There were no other science fiction readers in my family growing up. No parent or aunt or uncle to pass me secondhand copies of pulp magazines or leave them lying around for me to find. Instead, I was introduced to genre fiction in our rural town’s public school, where we read and talked about “All Summer in a Day” by Ray Bradbury, “The Fun They Had” by Isaac Asimov, and “Harrison Bergeron” by Kurt Vonnegut, Jr. The school library shelves seemed to have an endless supply of copies of A Canticle for Leibowitz by Walter M. Miller, Jr., Flowers for Algeron by Daniel Keyes, and collections of The People stories by Zenna Henderson.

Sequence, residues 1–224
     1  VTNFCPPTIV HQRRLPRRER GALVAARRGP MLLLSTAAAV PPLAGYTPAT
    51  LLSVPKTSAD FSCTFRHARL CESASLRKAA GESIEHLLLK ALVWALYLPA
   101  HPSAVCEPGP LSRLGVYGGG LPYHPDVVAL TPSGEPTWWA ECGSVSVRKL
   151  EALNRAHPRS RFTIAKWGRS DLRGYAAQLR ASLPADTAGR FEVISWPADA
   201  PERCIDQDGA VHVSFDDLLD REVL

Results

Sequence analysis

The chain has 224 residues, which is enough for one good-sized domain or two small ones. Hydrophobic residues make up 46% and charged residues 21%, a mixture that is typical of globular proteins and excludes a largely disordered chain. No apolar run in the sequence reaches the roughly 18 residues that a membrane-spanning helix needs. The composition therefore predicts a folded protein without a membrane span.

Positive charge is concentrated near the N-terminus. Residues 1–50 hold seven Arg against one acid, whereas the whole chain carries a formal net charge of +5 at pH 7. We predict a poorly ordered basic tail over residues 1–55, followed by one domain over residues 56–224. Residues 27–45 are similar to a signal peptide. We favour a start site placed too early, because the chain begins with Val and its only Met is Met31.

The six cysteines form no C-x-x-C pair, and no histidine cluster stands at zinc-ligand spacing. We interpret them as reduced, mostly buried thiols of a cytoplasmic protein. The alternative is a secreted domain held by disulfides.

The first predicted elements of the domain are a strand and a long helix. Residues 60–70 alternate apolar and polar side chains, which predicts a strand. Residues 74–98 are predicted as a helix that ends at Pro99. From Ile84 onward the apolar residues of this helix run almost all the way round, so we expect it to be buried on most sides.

All of these — along with so many other authors, stories, and novels, some with much more adult themes, that I would discover later on my own — originally appeared in The Magazine of Fantasy & Science Fiction. Even though they were genre fiction, something popular, intended to appeal to students who might be reluctant to crack the spine of any book, much less something “serious,” they also had a literary respectability about them. These were entertaining, fun stories to read, that simultaneously encouraged, even demanded, thought and discussion. So, by the time I was 12, my reading tastes and preferences were already being shaped by the very short list of editors who had helmed a magazine that I would not encounter for another decade.

And now, after a long, anfractuous, journey, I’m part of that very short list.